Parent Partnerships in Creativity

The word “creativity,” in our society, tends to be applied to artistic endeavours. However, creativity is linked to divergent thinking skills and those are an essential part of everyday life, whether it’s navigating office politics or devising a new curriculum. Our job as parents and teachers is to help kids fulfill it.

Whether that potential is being fulfilled is another story entirely. Researchers have spent the past few decades poring over the creativity scores of students. They have found that Creativity scores have significantly decreased since 1990. Moreover, creativity scores for primary students including kindergarteners were at an all time low.

The scores are generated by the Torrance Tests of Creative Thinking — the standard in assessing creativity since the 1960s. The tests consist of open-ended questions, such as “How many uses can you think of for a toothbrush?” Scores are awarded based on the number and originality of the ideas produced. A creative child might respond by saying that he can brush his cat’s teeth, polish a rock, and clean his fingernails — all answers that show dexterity in generating a wide range of potentially useful ideas.

This unique ability is one that will be crucial to the workforce of the future. Children today face a universe of rapidly evolving technology, an ever-shifting global economy, and far-reaching health and environmental challenges — scenarios that will require plenty of creative thinking. Tony Wagner cites imagination as one of the top needed survival skills for the Fourth Industrial Revolution.

So how do we make sure our kids are thinking divergently and creatively? Well, to start we give them plenty of opportunities to do so.

Cardboard Challenge

As creativity is the most important skill of the future, the Cardboard Challenge is one powerful tool to foster it through playful learning.

The Cardboard Challenge brings the world together around the value of creativity. It’s a worldwide celebration of the genius of every child and the simple things adults can do to foster it. Launched from the overwhelming global response to the short film, “Caine’s Arcade,” the Cardboard Challenge works to foster creativity in children around the world to raise a new generation of innovators and problem solvers who have the tools they need to build the world they imagine.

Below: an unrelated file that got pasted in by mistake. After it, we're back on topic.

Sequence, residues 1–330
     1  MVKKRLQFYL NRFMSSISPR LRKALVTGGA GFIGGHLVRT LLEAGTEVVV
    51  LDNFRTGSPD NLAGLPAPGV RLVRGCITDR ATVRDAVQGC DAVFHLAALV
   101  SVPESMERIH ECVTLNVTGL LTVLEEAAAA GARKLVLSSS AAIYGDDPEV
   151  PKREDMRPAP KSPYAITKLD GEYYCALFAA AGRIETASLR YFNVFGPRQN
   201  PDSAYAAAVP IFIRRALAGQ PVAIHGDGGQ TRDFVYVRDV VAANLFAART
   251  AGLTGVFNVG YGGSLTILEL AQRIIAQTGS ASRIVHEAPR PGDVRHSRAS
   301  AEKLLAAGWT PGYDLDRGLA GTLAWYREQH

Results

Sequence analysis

Level 5 envisions a world in which creativity is a core social value. The Cardboard Challenge is an opportunity for the community to come together to make their very best ideas happen with limited resources and tools.

The power of limitations

In art school, Phil Hansen developed an unruly tremor in his hand that kept him from creating the pointillist drawings he loved. Hansen was devastated, floating without a sense of purpose. Until a neurologist made a simple suggestion: embrace the limitation.

At Level 5 we also think that the Cardboard Challenge is a forced limitation on children that provokes a scenario where they must think divergently to create an object. Working with parents within school boundaries provides opportunities for four main things to happen:

· Children are able to see parents model design thinking in order to; plan, make, test, play with, and redesign a product (even if they don’t know that’s what they are doing).

· Children are able to fail in a safe environment and work through the frustrations of not being able to do something on the first go.

· Children are able to build stronger bonds with parents over the process of creation rather than an academic focus on product, or outcomes. This in turn builds trust, reciprocal understanding, and closer family units.

· Children are able to see that teachers and parents work together to help them actualize their ideas. This home/school connection has been shown to be one of the cornerstones of building life-long success in student learning.

This Sunday Level 5 hosted the Cardboard Challenge for the community. It was a fun filled day! At the end of the day one parent asked if the finished work would be judged, and I said, nope — not here. This is about the process of learning together, the time you spent with your child that they will never forget, and the creative skills they developed by watching you work with them to create something amazing!

Watch the two and half minute video of highlights from our Cardboard Challenge:

How does your community build parent partnerships in creativity? Tell us about it!

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